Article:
echoes are all there today, locked within the concave chambers of the
red and orange, yellow and white, smooth cliffs that wall in the little
village of Fruita. They bring memories of the scorpion that stung my
thumb as I dug into the red shale on a bank along a dry wash. They rushed
me down to Oyler's place, where a good stiff glass of homebrew, peach
brandy took away all the pain and the poison. Otherwise I would surely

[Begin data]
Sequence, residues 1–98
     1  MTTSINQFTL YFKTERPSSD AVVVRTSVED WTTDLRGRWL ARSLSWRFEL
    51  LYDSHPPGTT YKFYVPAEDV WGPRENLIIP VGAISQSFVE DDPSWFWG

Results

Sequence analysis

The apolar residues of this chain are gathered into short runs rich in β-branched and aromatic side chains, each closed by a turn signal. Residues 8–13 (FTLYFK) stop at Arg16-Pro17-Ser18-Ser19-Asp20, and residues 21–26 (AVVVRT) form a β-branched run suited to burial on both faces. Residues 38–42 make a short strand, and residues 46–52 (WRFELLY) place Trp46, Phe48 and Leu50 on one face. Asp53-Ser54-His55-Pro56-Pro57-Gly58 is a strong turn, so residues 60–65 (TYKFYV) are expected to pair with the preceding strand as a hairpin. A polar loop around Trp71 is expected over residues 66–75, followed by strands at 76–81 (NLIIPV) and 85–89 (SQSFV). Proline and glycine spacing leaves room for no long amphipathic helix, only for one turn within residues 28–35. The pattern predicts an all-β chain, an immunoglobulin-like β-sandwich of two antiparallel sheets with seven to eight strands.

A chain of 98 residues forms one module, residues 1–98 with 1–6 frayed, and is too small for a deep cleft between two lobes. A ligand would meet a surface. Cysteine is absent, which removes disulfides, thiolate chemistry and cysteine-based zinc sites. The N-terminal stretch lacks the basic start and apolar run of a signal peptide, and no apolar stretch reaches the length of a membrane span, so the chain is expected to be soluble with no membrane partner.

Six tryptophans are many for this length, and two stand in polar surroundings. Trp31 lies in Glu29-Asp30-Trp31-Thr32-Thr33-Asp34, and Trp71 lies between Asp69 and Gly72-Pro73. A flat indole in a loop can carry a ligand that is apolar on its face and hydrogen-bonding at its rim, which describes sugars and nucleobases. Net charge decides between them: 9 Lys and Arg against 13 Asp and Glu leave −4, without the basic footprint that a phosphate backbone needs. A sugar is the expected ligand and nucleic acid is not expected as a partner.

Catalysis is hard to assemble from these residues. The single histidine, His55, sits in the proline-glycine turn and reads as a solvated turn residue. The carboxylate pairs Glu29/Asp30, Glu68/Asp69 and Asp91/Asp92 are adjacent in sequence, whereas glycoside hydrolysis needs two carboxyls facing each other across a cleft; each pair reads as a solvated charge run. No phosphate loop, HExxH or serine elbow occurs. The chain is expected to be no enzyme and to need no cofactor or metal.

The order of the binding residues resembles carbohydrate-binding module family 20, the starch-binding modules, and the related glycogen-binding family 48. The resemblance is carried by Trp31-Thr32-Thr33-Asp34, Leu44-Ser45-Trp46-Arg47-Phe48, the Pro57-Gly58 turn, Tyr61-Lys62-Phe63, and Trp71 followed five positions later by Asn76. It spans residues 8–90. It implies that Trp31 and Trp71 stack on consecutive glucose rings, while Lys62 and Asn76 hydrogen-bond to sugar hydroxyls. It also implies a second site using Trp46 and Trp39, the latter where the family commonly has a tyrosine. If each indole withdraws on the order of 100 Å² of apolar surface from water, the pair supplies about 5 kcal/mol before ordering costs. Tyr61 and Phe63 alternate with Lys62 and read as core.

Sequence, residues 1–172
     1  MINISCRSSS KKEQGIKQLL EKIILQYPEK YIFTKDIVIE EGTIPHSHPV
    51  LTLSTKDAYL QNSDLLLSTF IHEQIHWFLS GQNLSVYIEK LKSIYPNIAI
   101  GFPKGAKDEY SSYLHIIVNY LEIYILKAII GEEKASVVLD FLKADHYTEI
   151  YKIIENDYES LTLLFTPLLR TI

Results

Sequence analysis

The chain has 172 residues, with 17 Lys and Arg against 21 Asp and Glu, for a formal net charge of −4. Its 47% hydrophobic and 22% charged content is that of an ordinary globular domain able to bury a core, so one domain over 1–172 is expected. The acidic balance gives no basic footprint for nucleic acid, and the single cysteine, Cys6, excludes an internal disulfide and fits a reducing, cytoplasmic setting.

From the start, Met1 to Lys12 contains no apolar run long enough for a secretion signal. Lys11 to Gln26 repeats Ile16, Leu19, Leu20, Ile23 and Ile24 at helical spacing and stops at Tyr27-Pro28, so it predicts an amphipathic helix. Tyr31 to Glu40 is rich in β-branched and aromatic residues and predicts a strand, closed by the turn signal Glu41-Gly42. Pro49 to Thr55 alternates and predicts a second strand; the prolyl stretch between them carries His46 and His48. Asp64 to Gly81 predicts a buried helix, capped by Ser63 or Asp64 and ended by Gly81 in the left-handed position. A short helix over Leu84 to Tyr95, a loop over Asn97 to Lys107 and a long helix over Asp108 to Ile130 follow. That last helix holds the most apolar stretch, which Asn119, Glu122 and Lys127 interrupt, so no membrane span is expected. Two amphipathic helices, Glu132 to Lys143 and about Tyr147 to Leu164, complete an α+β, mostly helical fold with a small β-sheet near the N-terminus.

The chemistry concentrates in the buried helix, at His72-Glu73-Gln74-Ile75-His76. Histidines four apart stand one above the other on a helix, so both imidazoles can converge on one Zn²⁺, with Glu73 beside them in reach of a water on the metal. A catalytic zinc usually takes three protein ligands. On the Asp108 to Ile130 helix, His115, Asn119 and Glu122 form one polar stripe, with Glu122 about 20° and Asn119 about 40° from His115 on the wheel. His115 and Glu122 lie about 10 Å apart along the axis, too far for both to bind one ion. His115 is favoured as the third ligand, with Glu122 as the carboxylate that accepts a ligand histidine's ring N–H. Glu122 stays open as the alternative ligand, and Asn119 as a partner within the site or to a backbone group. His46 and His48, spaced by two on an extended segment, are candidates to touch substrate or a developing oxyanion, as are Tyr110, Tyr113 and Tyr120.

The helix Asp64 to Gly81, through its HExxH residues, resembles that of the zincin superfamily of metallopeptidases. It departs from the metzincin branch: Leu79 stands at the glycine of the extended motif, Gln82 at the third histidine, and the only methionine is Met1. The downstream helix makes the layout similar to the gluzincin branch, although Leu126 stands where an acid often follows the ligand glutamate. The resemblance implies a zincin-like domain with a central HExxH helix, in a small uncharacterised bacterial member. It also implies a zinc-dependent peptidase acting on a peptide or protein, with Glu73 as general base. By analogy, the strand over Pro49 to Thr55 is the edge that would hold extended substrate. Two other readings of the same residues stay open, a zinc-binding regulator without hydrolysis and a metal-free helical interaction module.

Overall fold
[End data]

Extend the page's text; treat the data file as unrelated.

have died. (The brandy was for medicinal purposes – so it was said).
I hear the yelling I did when Mama took the school kids on a spring
hike up through Cohab Canyon (so named because in the days of polygamy,
men with more than one wife would hide there from Fed). I sat on a sandbank
to rest, but suddenly I rose with a howl that filled the echo chambers
of Capitol Reef for a millennium. I yelled just as loudly when Clarence
Chestnut, the oldest boy, plucked the needle-like stickers from my bared
behind with his pocket knife. (Clarence was a good fellow. He was to
grow up in Fruita and operate a commercial fruit ranch there until the
Park Service bought him out).